Without the drug, death rates at 28 days were highest in those who needed to be put on a ventilator (41%), intermediate in those who required oxygen only (25%), and lowest among those whose lungs were working sufficiently well (13%).
Dexamethasone reduced deaths by one-third in ventilated patients and by one-fifth in other patients receiving oxygen only. There was no benefit among those patients who did not need help to breathe.
Landray said there was no room for doubt. “This is not the play of chance. This is a completely compelling result,” he said. “If one treated around eight ventilated patients, one patient would survive because of that treatment who would not have survived if you hadn’t given that treatment.”
Among those needing oxygen, one life would be saved for every 25 patients treated, he said. “If you put that in the scale of the UK epidemic over the last few months, the difference dexamethasone [would have made] is around 4,000 or 5,000 lives and clearly the epidemic is an international issue.
“This is a result of instant global importance because this drug is readily available. It’s been around for probably 60 years, it costs in the order of £5 for a complete course of treatment in the NHS and substantially less – probably less than $1 – in other parts of the world, for example in India.”
Last week, the Recovery team, who have been trialling seven drugs and will add more, concluded that hydroxychloroquine did not benefit patients in hospital with Covid-19. That result has also had global impact, with first the US regulator, the Food and Drug Administration, revoking the drug’s emergency authorisation and then its UK counterpart, the Medicines and Healthcare products Regulatory Authority, suspending any further patient trials.
Other scientists agreed the dexamethasone result was a breakthrough. Sir Patrick Vallance, the government’s chief scientific adviser, said: “This is tremendous news today from the Recovery trial showing that dexamethasone is the first drug to reduce mortality from Covid-19. It is particularly exciting as this is an inexpensive, widely available medicine.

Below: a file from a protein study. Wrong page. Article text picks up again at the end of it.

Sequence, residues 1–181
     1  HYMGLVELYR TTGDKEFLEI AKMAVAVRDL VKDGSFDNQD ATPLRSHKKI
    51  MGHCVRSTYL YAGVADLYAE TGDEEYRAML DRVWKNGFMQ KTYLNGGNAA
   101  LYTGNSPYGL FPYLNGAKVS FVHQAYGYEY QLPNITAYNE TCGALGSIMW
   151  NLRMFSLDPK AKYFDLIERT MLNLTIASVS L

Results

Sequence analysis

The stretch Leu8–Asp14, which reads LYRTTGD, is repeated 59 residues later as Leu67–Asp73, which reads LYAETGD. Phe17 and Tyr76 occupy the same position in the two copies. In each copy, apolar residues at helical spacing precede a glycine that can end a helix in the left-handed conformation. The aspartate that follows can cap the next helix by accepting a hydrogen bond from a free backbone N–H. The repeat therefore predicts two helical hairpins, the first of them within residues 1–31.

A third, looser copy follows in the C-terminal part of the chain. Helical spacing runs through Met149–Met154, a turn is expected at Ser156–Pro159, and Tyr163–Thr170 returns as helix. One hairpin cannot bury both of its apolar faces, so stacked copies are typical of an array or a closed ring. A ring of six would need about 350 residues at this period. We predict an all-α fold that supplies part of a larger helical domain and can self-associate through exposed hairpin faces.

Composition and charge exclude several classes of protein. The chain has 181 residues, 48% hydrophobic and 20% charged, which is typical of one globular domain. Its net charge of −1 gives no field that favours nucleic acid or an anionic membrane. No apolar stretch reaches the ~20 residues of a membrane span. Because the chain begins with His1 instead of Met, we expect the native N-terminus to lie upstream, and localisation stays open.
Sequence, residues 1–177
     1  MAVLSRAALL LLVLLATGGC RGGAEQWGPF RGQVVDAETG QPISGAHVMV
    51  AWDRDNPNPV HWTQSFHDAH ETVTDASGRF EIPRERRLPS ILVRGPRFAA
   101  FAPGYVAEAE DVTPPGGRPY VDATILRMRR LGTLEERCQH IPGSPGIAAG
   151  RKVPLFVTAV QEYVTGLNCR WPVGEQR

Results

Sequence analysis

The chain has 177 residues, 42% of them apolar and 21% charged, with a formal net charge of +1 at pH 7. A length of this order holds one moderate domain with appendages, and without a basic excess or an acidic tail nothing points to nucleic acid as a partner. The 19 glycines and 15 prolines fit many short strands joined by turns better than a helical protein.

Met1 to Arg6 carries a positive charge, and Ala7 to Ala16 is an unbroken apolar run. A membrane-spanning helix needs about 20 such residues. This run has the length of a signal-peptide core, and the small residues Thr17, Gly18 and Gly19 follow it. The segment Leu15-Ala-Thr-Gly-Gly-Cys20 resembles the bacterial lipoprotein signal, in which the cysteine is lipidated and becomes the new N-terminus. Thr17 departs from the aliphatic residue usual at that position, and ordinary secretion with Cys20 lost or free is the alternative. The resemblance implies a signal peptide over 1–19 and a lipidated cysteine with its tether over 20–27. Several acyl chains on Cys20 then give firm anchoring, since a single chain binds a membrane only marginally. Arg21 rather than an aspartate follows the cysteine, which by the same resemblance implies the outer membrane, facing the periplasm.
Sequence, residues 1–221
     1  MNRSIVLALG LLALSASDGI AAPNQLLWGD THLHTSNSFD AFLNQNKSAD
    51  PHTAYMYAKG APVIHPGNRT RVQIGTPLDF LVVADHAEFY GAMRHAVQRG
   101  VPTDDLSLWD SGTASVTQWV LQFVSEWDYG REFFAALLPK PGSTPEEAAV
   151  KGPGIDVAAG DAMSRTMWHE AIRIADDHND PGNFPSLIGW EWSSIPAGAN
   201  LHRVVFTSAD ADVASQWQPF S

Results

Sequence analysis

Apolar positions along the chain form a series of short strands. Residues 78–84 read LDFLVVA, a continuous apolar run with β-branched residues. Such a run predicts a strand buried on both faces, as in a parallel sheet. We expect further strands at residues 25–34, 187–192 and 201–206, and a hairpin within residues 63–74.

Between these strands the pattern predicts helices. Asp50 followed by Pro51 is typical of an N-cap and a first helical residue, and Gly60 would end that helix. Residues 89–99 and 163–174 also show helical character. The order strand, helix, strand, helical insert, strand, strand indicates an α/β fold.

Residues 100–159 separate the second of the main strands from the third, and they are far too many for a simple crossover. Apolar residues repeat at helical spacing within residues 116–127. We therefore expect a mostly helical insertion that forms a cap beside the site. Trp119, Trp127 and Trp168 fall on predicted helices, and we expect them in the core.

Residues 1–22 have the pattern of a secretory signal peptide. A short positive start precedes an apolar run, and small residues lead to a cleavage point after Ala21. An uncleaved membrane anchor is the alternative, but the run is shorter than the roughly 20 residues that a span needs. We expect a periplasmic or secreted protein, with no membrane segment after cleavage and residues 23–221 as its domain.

“This is a groundbreaking development in our fight against the disease, and the speed at which researchers have progressed finding an effective treatment is truly remarkable. It shows the importance of doing high-quality clinical trials and basing decisions on the results of those trials.”
The NHS chief executive for England, Simon Stevens, said: “NHS hospitals, researchers and clinicians have worked together at breakneck speed to test new treatments for Covid-19, and it is amazing to see work that would normally take years bear fruit in just a matter of months.”
Prof Stephen Powis, NHS medical director for England, said it was “a huge breakthrough in our search for new ways to successfully treat patients with covid, both in the UK and across the world.
“It is thanks to NHS staff and patients who participated in the trial that from now, we are able to use this drug to dramatically improve Covid-19 survival for people in hospital who require oxygen or ventilation.”